Weekend foursome

This thing (I think it’s a cecropia moth):

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When I first saw it swooping and diving near a utility light at twilight, I thought it was a bat. Someone said it was a moth and I thought, “No way.” Then the next day, we saw it settled on the same pole. It was HUGE. We took turns staring at it forever before one of us finally touched it. It was so huge and fuzzy, I half expected it to start purring. After awhile it flew away, right into the path of a large bird. We all cringed in anticipation of a Gruesome Nature Lesson, but the moth flew on untouched. (However, the next day, Jason pointed out its dead body on the ground. Dammit, Nature!)

These two buds:

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The black dog is Tobie. She is gentle and friendly and quick to remind you with a paw to your leg if you are not petting her. She is also extremely tolerant of Shorty, who feels entitled to everything of hers, including the sleep mat. Surprisingly, Tobie didn’t nudge him out of the way, but just used him as a body pillow instead. He was fine with that.

Our dog’s IQ:

We played cards inside the camper of some new friends. They have a wonderful dog named Molly who isn’t quite sure of Shorty but lets him invade her space. Molly used to scarf her food down too quickly, so her owners now feed her using one of those toys that dispenses food pellets one at a time out of a plastic bottle once the dog pulls a rope out of the hole blocking the food. Molly was a pro at it, holding the rope in her mouth and using her paw to bat the bottle backwards so the pellets could come pouring out. Afterwards, we thought it would be funny to see if Shorty could do it.

Oh, he couldn’t. Not even close. He was biting at the wrong end of the bottle – the completely sealed-up end. But man oh man, was he trying. He was using his paw to hold the bottle in place and biting on that closed bottle with everything he had. Sometimes he’d walk away, give a little shake of his head, and start all over – at the wrong end. Finally, I took it away from him because I was afraid he was going to break the thing. However, I maintain that he is not completely dumb, since he realized if he tried futilely long enough, one of us would feel sorry for him and demonstrate how it worked – meaning he got food anyway.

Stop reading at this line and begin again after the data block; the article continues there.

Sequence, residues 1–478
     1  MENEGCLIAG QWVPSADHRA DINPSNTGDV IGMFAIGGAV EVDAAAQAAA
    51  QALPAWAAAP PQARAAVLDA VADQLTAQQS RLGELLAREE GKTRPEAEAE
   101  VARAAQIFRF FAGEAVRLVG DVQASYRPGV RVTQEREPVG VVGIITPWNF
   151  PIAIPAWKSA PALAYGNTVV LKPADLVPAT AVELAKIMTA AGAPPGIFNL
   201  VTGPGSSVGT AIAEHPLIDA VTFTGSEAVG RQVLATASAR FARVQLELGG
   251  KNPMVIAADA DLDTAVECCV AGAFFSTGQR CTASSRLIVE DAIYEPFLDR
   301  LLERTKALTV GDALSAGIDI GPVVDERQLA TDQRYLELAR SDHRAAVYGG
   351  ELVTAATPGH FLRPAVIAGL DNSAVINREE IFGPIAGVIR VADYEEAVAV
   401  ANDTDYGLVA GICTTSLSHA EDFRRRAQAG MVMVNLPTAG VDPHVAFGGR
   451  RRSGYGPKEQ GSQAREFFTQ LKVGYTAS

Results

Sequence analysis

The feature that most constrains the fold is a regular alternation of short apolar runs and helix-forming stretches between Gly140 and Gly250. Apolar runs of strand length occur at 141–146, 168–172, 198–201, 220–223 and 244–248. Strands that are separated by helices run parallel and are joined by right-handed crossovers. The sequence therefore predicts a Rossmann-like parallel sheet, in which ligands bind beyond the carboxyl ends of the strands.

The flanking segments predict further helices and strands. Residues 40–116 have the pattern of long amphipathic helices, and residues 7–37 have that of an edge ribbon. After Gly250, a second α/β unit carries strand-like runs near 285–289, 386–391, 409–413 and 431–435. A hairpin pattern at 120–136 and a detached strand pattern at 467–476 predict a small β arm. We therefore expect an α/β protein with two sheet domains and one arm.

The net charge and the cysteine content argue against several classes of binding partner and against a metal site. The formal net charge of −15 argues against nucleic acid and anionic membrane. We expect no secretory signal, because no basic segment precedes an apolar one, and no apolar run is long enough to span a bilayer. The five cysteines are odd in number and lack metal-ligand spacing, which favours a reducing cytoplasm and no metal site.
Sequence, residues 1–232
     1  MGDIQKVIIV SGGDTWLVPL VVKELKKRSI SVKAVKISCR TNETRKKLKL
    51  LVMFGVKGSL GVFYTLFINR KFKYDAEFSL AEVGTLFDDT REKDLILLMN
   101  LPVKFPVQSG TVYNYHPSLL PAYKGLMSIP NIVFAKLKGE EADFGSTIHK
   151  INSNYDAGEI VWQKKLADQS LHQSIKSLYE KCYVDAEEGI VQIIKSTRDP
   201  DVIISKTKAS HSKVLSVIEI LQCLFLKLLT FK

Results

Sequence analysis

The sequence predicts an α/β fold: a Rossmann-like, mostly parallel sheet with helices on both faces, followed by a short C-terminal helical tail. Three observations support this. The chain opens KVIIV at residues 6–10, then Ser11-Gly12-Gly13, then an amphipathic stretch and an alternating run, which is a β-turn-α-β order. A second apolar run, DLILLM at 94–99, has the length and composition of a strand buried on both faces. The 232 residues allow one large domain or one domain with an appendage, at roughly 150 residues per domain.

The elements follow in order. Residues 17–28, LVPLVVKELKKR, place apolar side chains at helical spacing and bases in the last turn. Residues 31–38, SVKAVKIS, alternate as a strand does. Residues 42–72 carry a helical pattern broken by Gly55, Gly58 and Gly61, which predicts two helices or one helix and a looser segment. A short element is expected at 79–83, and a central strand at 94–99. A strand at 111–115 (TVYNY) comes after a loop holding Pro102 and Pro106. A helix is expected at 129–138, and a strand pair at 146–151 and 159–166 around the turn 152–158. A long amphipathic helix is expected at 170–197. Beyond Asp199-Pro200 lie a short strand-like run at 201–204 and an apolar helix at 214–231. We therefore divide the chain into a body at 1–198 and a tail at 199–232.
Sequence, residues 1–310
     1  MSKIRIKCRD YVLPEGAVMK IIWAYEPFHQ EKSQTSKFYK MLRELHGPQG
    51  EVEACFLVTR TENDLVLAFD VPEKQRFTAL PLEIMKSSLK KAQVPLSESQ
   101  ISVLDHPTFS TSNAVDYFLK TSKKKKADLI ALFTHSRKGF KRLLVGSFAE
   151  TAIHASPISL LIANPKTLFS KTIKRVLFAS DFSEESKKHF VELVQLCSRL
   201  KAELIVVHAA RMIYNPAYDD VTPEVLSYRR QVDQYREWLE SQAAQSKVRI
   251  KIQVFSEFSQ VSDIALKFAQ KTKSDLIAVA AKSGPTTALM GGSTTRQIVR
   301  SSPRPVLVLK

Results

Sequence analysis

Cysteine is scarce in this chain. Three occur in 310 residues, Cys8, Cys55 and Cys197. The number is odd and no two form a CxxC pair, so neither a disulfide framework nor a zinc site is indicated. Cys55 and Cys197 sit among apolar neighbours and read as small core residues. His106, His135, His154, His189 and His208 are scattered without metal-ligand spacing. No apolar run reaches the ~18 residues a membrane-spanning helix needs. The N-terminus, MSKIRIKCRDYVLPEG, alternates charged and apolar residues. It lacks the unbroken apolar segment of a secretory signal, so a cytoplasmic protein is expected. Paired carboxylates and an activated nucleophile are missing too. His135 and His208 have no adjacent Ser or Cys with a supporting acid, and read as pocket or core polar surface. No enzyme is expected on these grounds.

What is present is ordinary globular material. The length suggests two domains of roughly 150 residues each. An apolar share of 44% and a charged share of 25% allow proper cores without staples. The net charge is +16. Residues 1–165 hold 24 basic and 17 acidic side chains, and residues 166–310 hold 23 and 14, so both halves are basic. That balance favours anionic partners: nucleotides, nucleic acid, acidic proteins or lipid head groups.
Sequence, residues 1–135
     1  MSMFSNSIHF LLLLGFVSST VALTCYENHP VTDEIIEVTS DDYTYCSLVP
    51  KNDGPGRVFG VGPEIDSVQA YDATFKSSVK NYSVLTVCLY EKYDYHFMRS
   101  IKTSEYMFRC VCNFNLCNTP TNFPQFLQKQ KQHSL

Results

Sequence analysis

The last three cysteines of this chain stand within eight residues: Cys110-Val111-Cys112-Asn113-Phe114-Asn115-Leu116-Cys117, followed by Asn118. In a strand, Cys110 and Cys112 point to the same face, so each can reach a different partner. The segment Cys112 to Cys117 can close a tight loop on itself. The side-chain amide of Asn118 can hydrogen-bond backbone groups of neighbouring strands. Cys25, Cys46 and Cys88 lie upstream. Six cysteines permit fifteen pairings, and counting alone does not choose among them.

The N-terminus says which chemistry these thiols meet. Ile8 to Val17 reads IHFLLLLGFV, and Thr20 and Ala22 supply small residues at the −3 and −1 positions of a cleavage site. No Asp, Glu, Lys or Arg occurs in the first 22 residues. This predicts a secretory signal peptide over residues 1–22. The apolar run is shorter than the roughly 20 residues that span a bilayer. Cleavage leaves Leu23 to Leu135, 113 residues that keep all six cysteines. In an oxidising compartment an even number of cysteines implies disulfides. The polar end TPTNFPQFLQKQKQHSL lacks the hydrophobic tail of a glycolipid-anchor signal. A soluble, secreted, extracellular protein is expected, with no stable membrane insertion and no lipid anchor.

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I’m smarter than you think, you guys.

The neighborhood bullies

While we were unloading the vehicle after camping, Jason and I heard some chittering and chattering. All of a sudden, two red squirrels came darting out of nowhere, skittering across the top of our fence while fighting viciously. All they needed were tiny swords to complete the tableau. One of them tried to escape by jumping on top of our pop-up camper and then launching himself onto the ground directly between Jason and I. I had a split second of thinking, “HA! Jason screams like a girl!” right before I saw the squirrel sprint jerkily toward my bare legs. So there were two girly screams shrieked in our driveway before the squirrel zipped away to a nearby tree to presumably laugh his head off.

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Autumn fling

Last weekend, Jason and I took our last camping trip of the season. For the past five years, we’ve gone to the same campground in Wisconsin and for the past three years, we’ve stayed in the same site. Because all of our other camping trips are with friends and family, this is the one trip where it’s just us. Which means there’s no one to notice if we nap after lunch. Or before lunch. Or dinner.

This year was the chilliest by far. The sun came out in short microbursts, mostly just to show us that it could shine, it just chose not to.

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Enjoy these seven minutes of warmth, losers!

My mittens, which I packed in a slightly embarrassed “maybe I’ll need them at night” kind of way, hardly ever left my hands. I also broke down and bought a stocking cap for $2.50 at a nearby gas station. Best money I ever spent. Also, the presence of Furnace Puppy™ helped matters greatly (he alternated sleeping in our sleeping bags with us, coming up for air once in awhile to cool off before switching to the other sleeping bag).

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Shorty was a trouper. Ever since we got him a sleeping pad to lie on outside, he’s been better at not seeming like such a city dog. (I have to sit on the ground? Like a DOG???) But that still didn’t prevent him from sitting on his pad and shivering (for effect – it was 50 degrees out) while looking at us dolefully.

The older he gets, the more mellow he is around strangers. He only barked at two people the entire weekend, and in fact, this was the first time we witnessed him initiating contact with people. I think he’s slowly realizing that: People want to pet me. Petting is nice. If I bark, people don’t pet me. Therefore, I should not bark.

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(I had just asked him if he wanted to go for a walk. His answer was a polite HELL YES.)

He is the ideal hiking dog. This time, he actually led the way, although he still had the disturbing habit of running RIGHT UP TO THE EDGE before putting on the brakes so he could stare longingly at the 100-foot drops, all “Should I or shouldn’t I?” while I hyperventilated in the background.